I stagger through the hedgerow, bare footed, with a boulder lodged on my right shoulder. Very cleverly, the mysterious, existential ‘weight’ we are trying to artistically elaborate on using the rock requires virtually no acting ability. I get the feeling Sean recognised this in his choice of oversized geologic ornament, alongside his recognition of my questionable thespianism. Sean darts in and out of my consciousness with this camera. He’s in full flow, indulging his natural gift for capturing emotion and beauty through glass and plastic.

Ahead of me the mist begins to reveal dark figures, intimidating and intriguing in equal measure. My heart quickens as Boscawen Stone circle, with its crooked central monolith concedes its ancient beauty to us. I am in awe, and also strangely aware of an immediate requirement for respect of this place and its history. I am also flush with the first confidence that this experience will be a special one.

A little time later I find myself stood atop a rocky outcrop staring intensely into Sean’s lens, channelling my best Sinead O’Connor as tears roll down my cheeks… I’d love to say that the raw emotion of the shoot combined with my aforementioned acting prowess is encouraging this tearful exchange, but unfortunately (and rather thankfully considering my aforementioned lack of acting prowess) the wind whipping across the exposed hillside of Carn Galver is blowing the mist so unrelentingly into my face that my eyes are streaming… I’m also still barefoot, and my feet have begun to ask if this is entirely necessary after 45 minutes of wandering around a granite megalith, carrying a basalt megalith.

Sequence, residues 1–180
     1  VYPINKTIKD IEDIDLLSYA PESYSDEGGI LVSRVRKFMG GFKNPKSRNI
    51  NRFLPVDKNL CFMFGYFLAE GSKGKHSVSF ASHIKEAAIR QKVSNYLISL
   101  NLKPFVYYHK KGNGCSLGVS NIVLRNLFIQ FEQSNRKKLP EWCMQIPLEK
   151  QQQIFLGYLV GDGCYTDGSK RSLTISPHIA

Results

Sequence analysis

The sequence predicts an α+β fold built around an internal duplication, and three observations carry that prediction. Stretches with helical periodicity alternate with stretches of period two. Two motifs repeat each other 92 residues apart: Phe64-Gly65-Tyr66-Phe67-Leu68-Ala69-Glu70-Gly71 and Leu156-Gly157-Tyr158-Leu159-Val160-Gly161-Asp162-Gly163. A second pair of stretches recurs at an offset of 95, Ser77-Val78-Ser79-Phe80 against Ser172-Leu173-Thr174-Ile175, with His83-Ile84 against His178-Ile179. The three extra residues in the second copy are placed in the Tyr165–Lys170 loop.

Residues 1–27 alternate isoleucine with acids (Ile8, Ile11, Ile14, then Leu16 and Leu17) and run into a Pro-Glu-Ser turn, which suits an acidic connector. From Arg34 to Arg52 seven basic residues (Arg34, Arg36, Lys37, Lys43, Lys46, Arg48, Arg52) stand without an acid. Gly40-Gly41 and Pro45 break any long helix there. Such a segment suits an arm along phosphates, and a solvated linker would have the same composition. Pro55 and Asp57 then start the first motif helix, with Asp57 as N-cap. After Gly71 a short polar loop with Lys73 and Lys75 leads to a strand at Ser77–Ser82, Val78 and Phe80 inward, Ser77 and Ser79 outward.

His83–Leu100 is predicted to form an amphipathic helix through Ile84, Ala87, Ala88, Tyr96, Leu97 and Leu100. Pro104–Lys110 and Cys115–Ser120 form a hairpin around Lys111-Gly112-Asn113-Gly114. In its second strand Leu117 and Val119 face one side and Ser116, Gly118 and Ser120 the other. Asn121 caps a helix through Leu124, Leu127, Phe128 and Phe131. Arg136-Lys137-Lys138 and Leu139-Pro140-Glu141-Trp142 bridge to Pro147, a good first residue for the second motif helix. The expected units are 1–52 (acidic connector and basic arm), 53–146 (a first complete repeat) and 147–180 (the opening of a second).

We shoot the intro to the video in an abandoned mine workings engine house at the Cornish coast. The chimneyesk house walls creating the ideal set to play with some vertical perspective. Lying there, surrounded by a miniature stone circle, I begin to feel the power of the pagan symbolism we’ve been employing throughout the shoot. The ancient vibrations begin to pulse through me as I lay connected to the earth. The trancelike nature of the experience instantly shatters as Sean’s drone marginally avoids a collision with my temple… “Eugh, sorry dude, it’s these winds and thick walls, they’re playing havoc with my flying…” My pagan conversion will have to wait.

The end of the day finally approaches. I’m sat on a rock at the edge of the frigid Spring waters of the Atlantic coast, transfixed by the beauty of the waning light through the slot cave at Nanjizel Cove. Like the pupil of the eye of Sauron, being licked by the rough wind swell of the open ocean, it is intimidatingly raw. The fatigue is written all over my face and posture, but these final shots are begging to be captured. Sean and I are both in wetsuits, mine overlain by the clothes I’ve been in all day. I shake uncontrollably. The cold grips me as I breath out and sink into the crystal-clear rock pool that forms the final scenes. I am exhilarated and exhausted in equal measure. It has truly been a day to remember and I feel in awe at Cornwall’s powerful complicity in our day of creation.

Cornwall’s raw beauty and mysterious history became the true leading lady in our final cut of Runaway Train. I wandered around, looking bewildered and got blisters and hypothermia… whilst Sean found indescribable ways to bring the whole sequence to life. His talent blows my mind and our day in the mists and winds of Kernow will be a day I remember forever, immortalised as my first music video. Hopefully one of many more to come.

*Adoration and awe going out to Sean White at White Moon Media, without whom I would have been warm and comfortable, but far less content.